The LORD God of gods, the LORD God of gods, he knows, and Israel he shall know; if it be in rebellion…
It is a great satisfaction when we feel that there is one Being who knows everything. After some great perplexity, some dark hour, or some mysterious visitation, when there seemed to be no clue to an event, no interpretation arching it, and not a spark of illumination about it, it is a blessed relief, both to mind and soul, when we feel that somebody can understand it, can thoroughly sift it, and will in good time bring out its illuminated side, and reveal the spiritual diamonds so long concealed in darkness, sorrow, and grief. God knows — what? The uses of things — why the world was made, why we were made, the meaning of the events that greet us, what lessons they convey, what benedictions they unfold, what promises they hold out, and how much culture we shall gain by them. Can anything be more cheering than this fact, and is there anything strange about it? Strange that the Maker should be familiar with what He has made, wonderful that the Architect should understand all about His building, peculiar that the Creator of the world should comprehend what He has produced? How is it in everyday affairs? Would it not be wonderful if Mozart and Beethoven did not understand their own music, stood apart from it as strangers, and were unable to comprehend the science of its melody? or if Powers stood before one of his statues dumb as an idiot, and unable to give an account of how it was shaped into its wondrous beauty? or if Rubens stared at one of his own pictures with a vacant gaze, and with a total inability to trace out the preparatory steps that led to its execution? Then is it not very natural that the Great Musician of earth and heaven should be able to explain all the grand chorus of the ages, that the Holy Sculptor of all time should be able to describe every particular of His work, or that the Great Painter of both worlds should, with a keen wisdom, delight in His own magnificent paintings? I come now to my second proposition, that grows out of the first — we do not know. Here we find two parties in the Church. One says, "We do not know anything, and never can know anything," and the other says, "We do know something, but that something will not amount to much until God reveals more knowledge." I confess, I do not think that, in order to exalt God, we must utterly extinguish ourselves. If I say that a human being is utterly incapable of ever being enlightened, has no power, and is bound irrevocably to sin, with no chance to escape, you may very properly ask me, "Who could have made such a being as that?" But, because we can do something — aye, many things — and because we are something — aye, much — it does not follow that we can do everything or that we are Self-sufficient. No, never. God made us, and therefore we are not failures; and let us not for a moment suppose that God has made a mistake in our creation, but, because we are made, we are dependent, frail, and we must often and always look to our Creator for aid and blessing. We are engirdled by mysteries. Yet is it not something that we can, by the grace of God, think, talk, write, walk, live? and can we speak meanly of one who can do all these things? Forbid it, Father! Make us humble, but do not let us be ungrateful. As we look at history and at historical results, it becomes very evident that all through the past ages there has been a providential plan. If we made ourselves Romans, Grecians, or Hebrews, and if we threw ourselves back thousands of years, we should hardly understand that some of our greatest trials were to prove such a vast benediction to after-ages. We could hardly believe that our decay would prove to others life, and that every pang we suffered, both as nations and as individuals, was in accordance with the great, glorious, and holy scheme of Providence. What would be called in ancient days subjugation, invasion, and a despotism, has since proved emancipation, while the baptism of blood then offered has resulted in the salvation of the future. Time explains a great many things that we do not understand to-day; and events always prove that He who rules the heavens and the earth is never bewildered, nor mistaken, nor vanquished. Let each one of us take our own personal experience and trace it back, and see what we wanted to do and where we wanted to go when God would not let us do it, and when God held us back, and when God seemed to be working against us, and how does the retrospect look with our present experience? Did not God know best? and has not everything come out right, and was it not well for us that years ago a restraining hand was placed upon our pleasures, appetites, and desires? And is it not better that we were turned aside from the road that we desired to travel? I think one of the bewitching attractions of biography rests in the fact that we often detect what appear to be very slight and trivial matters, changing the whole course of a person's life. Washington gave up going into the navy in order to please his mother; and thus a hero was secured for America and a splendid monument of goodness and greatness for all the world. Franklin started on a journey to Philadelphia as a mere pauper, and went under false promises to London; and thus a philosopher was educated for all time. The eyesight of a Prescott was suddenly eclipsed, but out of that darkness an historian was born, whose sweet rhetoric will always prove a fascination and a culture. Yes, the slightest incidents that we call disappointments are often the turning-points in our experience, and prove the very moment when Heaven interposes, and shapes us for ends more consistent with the will of God.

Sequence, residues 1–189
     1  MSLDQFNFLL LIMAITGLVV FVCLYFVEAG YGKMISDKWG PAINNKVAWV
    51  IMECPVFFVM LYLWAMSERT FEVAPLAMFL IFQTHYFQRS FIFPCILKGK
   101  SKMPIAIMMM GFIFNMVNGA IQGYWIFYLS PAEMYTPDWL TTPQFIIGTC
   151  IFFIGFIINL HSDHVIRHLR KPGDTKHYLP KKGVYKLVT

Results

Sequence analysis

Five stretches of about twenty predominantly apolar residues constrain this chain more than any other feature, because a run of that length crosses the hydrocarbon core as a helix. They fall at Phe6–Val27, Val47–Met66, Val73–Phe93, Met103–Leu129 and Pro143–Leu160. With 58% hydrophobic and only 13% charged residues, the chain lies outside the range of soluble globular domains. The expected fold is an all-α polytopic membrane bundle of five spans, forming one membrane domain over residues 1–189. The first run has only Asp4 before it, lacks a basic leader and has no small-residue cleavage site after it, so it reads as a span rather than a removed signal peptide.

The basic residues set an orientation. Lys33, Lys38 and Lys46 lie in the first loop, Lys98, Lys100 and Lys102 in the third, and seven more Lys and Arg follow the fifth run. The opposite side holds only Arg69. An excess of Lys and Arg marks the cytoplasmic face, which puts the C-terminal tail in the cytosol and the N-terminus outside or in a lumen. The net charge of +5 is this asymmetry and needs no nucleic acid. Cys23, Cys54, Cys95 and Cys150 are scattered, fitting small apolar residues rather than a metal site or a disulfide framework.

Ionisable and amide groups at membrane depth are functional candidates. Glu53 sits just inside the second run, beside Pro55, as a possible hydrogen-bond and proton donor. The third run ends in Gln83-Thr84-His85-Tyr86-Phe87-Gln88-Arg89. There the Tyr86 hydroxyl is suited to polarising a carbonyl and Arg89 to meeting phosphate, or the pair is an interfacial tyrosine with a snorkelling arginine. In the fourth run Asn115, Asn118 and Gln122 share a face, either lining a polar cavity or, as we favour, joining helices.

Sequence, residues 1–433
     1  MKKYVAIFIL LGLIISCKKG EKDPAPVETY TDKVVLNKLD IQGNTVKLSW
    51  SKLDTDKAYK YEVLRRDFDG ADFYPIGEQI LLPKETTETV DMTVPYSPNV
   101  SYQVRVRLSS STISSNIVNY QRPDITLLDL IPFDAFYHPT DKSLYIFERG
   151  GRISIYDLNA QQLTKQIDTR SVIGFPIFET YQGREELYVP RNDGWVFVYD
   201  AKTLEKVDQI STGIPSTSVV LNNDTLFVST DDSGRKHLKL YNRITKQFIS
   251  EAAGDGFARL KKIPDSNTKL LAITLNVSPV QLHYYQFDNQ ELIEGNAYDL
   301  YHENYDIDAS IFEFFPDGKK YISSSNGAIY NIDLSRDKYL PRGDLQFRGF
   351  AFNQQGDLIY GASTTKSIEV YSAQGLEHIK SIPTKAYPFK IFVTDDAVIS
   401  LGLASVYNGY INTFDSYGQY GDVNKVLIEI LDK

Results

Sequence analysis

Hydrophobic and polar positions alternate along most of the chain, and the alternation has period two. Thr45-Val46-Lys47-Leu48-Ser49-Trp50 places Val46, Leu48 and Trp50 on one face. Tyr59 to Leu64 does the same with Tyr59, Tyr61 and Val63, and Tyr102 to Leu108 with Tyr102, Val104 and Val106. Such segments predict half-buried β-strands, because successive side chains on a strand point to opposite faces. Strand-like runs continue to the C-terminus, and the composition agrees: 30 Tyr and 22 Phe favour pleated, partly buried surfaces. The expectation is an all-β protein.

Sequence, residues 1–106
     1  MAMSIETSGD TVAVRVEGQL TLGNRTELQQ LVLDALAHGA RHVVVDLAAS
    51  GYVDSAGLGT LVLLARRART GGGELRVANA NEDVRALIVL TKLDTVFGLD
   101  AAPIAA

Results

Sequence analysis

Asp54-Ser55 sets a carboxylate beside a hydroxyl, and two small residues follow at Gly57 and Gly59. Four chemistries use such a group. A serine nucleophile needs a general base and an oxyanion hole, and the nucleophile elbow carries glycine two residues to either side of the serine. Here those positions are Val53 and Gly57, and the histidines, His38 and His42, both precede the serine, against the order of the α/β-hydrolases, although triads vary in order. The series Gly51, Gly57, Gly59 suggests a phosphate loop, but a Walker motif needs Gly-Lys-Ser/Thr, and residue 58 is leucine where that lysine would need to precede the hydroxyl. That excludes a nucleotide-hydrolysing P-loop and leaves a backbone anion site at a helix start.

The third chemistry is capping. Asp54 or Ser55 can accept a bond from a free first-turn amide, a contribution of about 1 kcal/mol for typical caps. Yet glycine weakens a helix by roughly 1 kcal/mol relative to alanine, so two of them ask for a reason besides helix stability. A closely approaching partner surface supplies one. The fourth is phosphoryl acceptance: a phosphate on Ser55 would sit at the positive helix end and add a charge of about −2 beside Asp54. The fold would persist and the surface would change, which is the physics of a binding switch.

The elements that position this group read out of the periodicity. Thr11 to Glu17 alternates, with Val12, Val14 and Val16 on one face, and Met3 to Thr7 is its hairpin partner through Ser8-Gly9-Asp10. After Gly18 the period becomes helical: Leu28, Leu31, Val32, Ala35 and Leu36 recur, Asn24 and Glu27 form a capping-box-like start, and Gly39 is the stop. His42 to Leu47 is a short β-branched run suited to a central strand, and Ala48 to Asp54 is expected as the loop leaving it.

(Caleb D. Bradlee.).
Parallel VersesKJV: The LORD God of gods, the LORD God of gods, he knoweth, and Israel he shall know; if it be in rebellion, or if in transgression against the LORD, (save us not this day,)